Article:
Should There Be Controversy over Detroit Red Wings Building a New Stadium?

PJ Sapienza@@pjsapiContributor IIIAugust 21, 2013

Apr 14, 2013; Nashville, TN, USA; A Detroit Red Wings fans holds up a flag during the first period of the game against the Nashville Predators at Bridgestone Arena. Mandatory Credit: Randy Sartin-USA TODAY Sports
Randy Sartin-USA TODAY Sports

The Detroit Red Wings have announced plans to build a new stadium.  Their current home, Joe Louis Arena, was built in 1979 and is very outdated by today’s arena standards.

While many agree that a new arena for the team is warranted, there is a growing debate over how to pay for it.  Under the plan, taxpayers will pay about 60 percent of the $450 million deal.  While public funding for such projects raises questions in many cities, the debate could get louder in Detroit.

The City of Detroit has recently filed for bankruptcy.  While city services are being slashed and pensions for retired workers are in jeopardy, is now the right time for the city to be helping a billionaire build yet another stadium in Detroit?

Red Wings' owner Mike Ilitch also owns the Detroit Tigers.  The Tigers are currently playing in Comerica Park which opened in 2000 and also received substantial public funding.  Should the city really be helping a man, who according to Forbes, is worth $2.7 billion?  To make matters worse, he has been in debt to the city as they have spent months battling over a disputed tax bill for almost $2 million. 

There is much debate as to whether sports arenas and stadiums actually provide as big of a boost to the local economy as supporters claim.  They claim that new jobs will come and that the area around the arena will grow.

One benefit to the Red Wings moving will be freeing space near their current home.  The Joe Louis Arena has blocked any growth of Cobo Center, which is the convention center for the city.  In order for the city to attract larger, national shows and conventions the city will need to expand Cobo.  A larger Cobo could directly help the city by bringing out of town visitors in to fill up hotels and restaurants.

The proposal does plan to build more than just an arena. Hotel, retail, office and residential spaces will also be part of the project.  The hope is that these areas will spur economic growth in the area and perhaps get somewhere close to the 8,300 jobs mentioned in the proposal.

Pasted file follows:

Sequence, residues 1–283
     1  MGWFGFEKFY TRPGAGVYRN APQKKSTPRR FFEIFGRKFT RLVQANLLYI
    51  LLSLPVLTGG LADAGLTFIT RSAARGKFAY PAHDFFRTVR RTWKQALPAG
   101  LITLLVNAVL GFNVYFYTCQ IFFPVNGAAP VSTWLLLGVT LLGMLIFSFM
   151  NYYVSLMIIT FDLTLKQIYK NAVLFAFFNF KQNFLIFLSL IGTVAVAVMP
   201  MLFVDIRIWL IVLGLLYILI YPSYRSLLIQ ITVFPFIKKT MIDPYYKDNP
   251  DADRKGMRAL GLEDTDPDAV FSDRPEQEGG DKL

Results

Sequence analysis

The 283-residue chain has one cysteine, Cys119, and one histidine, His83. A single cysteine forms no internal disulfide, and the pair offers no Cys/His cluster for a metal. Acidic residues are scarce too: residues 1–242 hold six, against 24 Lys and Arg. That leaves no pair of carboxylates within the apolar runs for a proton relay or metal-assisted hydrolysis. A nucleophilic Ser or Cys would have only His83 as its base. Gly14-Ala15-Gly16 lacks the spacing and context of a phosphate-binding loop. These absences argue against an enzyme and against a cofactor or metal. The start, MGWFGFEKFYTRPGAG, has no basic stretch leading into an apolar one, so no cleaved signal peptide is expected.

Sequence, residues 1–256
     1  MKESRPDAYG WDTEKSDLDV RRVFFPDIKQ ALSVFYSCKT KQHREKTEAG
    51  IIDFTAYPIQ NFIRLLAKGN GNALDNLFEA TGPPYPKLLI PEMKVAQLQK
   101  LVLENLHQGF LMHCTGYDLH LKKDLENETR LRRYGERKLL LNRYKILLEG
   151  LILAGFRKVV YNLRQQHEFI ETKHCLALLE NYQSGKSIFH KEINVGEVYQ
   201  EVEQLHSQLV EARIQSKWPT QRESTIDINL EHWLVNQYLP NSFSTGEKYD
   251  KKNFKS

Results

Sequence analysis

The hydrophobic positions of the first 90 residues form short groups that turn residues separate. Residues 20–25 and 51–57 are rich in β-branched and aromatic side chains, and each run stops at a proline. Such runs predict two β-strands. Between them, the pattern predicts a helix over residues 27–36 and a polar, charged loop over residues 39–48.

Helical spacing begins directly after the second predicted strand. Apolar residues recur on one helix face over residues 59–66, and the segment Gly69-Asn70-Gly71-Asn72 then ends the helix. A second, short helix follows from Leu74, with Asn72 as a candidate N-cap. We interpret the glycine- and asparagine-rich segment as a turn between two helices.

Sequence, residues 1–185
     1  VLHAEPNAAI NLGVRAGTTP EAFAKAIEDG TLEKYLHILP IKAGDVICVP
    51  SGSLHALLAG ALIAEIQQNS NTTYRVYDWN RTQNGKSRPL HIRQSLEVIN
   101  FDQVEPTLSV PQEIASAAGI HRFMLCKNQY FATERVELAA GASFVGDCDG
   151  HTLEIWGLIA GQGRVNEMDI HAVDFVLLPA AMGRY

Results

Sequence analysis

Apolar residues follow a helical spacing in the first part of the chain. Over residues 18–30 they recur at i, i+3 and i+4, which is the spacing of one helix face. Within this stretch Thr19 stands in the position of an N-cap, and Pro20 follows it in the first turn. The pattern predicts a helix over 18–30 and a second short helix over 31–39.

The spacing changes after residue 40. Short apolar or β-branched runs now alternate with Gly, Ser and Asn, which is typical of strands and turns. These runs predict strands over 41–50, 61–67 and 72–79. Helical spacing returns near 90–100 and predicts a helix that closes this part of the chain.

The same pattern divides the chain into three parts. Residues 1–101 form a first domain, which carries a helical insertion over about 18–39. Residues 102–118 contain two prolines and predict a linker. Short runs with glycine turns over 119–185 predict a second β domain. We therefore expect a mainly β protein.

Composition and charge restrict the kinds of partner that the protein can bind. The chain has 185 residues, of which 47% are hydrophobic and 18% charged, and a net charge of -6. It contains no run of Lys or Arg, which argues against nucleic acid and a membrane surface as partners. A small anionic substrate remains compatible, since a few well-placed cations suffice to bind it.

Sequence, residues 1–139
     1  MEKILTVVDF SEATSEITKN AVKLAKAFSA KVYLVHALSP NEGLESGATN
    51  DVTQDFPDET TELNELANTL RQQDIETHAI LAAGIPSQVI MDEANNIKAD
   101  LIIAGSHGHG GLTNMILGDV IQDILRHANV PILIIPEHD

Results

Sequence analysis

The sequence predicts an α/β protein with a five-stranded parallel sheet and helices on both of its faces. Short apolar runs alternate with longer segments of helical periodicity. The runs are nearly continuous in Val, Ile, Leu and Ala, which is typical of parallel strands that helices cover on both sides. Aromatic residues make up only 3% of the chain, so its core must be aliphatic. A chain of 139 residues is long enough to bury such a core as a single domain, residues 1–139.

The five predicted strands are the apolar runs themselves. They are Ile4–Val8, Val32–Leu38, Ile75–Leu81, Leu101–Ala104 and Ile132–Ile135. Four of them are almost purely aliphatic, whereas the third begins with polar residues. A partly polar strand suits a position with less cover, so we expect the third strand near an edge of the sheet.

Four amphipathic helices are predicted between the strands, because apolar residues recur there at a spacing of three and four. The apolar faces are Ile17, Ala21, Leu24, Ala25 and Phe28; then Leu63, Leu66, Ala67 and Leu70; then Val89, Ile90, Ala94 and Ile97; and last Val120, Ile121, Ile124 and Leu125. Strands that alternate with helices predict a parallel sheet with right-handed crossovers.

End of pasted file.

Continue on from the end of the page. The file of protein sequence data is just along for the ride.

There would obviously be construction jobs as the arena is being built.  However, those are only temporary jobs and there is no guarantee that those jobs would go to the citizens of Detroit or Wayne County.  Of course measures can be put in place to force companies to hire workers from those areas, but those tend to backfire.

In reality, there really would be not a large influx of new, long-term jobs with the arena.  Current employees at the Joe Louis Arena would be making the trip to the new location.  This means that there would be no increase in jobs, just a transfer down the road a few miles.  Supporters will claim these jobs as part of their grand total but, with little to no net gain in jobs, it does not benefit the city.

Supporters will point out that the public funds will be coming from the Downtown Development Authority and not the general fund.  The taxes are collected from a special district with the intent on using it to spur more economic growth.  While true, it is still tax money that is collected and could be much better spent if redirected to more useful projects.

Even worse, the city will not receive any money from the stadium once it is complete. It basically comes down to donating this building to a billionaire with some misguided hope that other businesses will emerge.  The question needs to be asked: How many businesses, jobs and new residents would it take to make up for the price that Detroit is going to pay to build this?

A report (h/t The Lakewood Times) by Robert A. Baade and Victor Matheson from the College of the Holy Cross shows the following:

Researchers who have gone back and looked at economic data for localities that have hosted mega-events, attracted new franchises, or built new sports facilities have almost invariably found little or no economic benefits from spectator sports. Typically, ex post studies of the economic impact of sports have focused on employment, personal income, personal income per capita, taxable sales or tourist arrivals. These studies and a multitude of others generally find that the actual economic impact of sports teams or events is a fraction of that claimed by the boosters, and in some cases actually show a reduction in economic activity due to sports.

There is a petition on urging people to speak out against the use of public funds.  The petition hopes to halt using tax money to fund the project.  As the bankruptcy proceedings continue, protest such as this are bound to be more common. 

In the end, it just is not right to build stadiums and arenas for billionaire sports owners with public funds.  Ideally, the federal government would make it illegal but that is unlikely to happen.  There are only so many cities with enough population to support a pro franchise.  The ones that can need to show restraint and make teams build their own homes.  The only people that make any real money off of the stadium are the owners, so they are the ones who need to pay for them.

Detroit needs to focus its limited resources on meeting their current commitments and trying to build real economic growth and opportunities in the city.